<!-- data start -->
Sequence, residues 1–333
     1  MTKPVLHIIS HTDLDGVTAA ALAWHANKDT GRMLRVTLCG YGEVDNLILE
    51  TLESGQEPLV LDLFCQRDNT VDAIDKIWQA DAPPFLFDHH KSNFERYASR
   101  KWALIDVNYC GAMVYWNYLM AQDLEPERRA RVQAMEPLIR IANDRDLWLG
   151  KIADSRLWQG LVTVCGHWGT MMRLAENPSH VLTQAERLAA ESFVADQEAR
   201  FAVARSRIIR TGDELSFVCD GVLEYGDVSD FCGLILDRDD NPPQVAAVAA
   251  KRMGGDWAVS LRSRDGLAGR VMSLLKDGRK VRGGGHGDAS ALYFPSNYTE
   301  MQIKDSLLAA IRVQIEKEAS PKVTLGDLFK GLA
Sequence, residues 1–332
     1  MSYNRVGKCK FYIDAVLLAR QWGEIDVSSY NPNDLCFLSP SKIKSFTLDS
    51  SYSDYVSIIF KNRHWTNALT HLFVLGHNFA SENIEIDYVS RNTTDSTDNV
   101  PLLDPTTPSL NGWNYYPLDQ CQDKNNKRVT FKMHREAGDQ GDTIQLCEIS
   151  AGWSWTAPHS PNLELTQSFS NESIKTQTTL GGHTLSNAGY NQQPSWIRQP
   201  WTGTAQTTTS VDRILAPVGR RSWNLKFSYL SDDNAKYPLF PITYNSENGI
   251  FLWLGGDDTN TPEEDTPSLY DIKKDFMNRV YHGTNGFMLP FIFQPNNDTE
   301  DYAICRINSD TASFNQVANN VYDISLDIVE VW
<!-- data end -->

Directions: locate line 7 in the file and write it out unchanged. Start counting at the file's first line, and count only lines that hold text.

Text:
   251  KRMGGDWAVS LRSRDGLAGR VMSLLKDGRK VRGGGHGDAS ALYFPSNYTE